Recoil in and of itself does not adversely affect accuracy. The bullet is out of the barrel before recoil begins.
Anticipation of recoil (flinching) will and does adversely affect accuracy. I don't know of anyone that can eliminate recoil, and that leaves us with controlling it in such a manner that a subsequent shot may be taken as accurately as possible. In many cases, a shooter will anticipate the recoil.... in order to make the recoil easier to control, you have to know when the shot is going to be fired. The only way to know that is to jerk the trigger so the shot happens when you want it to. That jerk, (flinch) will greatly diminish accuracy. A smooth, controlled trigger squeeze is much more accurate, and should result in each shot being a surprise to the shooter.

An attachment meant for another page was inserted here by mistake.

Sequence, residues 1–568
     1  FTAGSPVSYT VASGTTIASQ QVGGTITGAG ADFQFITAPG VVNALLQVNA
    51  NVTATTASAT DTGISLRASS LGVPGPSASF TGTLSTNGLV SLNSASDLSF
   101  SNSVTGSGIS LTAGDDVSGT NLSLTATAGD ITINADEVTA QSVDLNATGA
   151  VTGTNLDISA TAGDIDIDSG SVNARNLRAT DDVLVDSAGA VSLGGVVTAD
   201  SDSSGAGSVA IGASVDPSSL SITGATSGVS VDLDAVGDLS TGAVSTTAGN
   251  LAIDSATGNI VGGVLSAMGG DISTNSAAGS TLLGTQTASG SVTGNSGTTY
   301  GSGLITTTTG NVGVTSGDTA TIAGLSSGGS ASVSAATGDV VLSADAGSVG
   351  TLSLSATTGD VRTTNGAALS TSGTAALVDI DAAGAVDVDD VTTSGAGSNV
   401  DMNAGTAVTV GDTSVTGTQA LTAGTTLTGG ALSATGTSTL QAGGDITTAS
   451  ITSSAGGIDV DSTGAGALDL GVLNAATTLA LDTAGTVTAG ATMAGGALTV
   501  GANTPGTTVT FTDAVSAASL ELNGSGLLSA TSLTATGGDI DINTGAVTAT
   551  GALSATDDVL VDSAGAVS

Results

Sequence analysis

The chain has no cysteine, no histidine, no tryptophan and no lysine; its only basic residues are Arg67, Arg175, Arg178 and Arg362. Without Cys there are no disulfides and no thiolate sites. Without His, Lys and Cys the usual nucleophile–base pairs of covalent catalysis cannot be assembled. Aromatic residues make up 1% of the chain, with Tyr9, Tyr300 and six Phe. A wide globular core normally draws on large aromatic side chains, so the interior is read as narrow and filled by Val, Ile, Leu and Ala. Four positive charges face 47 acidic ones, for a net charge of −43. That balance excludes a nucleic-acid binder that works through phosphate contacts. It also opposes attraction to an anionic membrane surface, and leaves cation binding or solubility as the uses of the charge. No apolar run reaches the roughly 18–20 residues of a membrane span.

Practice, Practice, Practice........
NRA Life Member ... Marine Corps League Life Member
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USMC 8652, 2531, RVN Jun '67, - May 69
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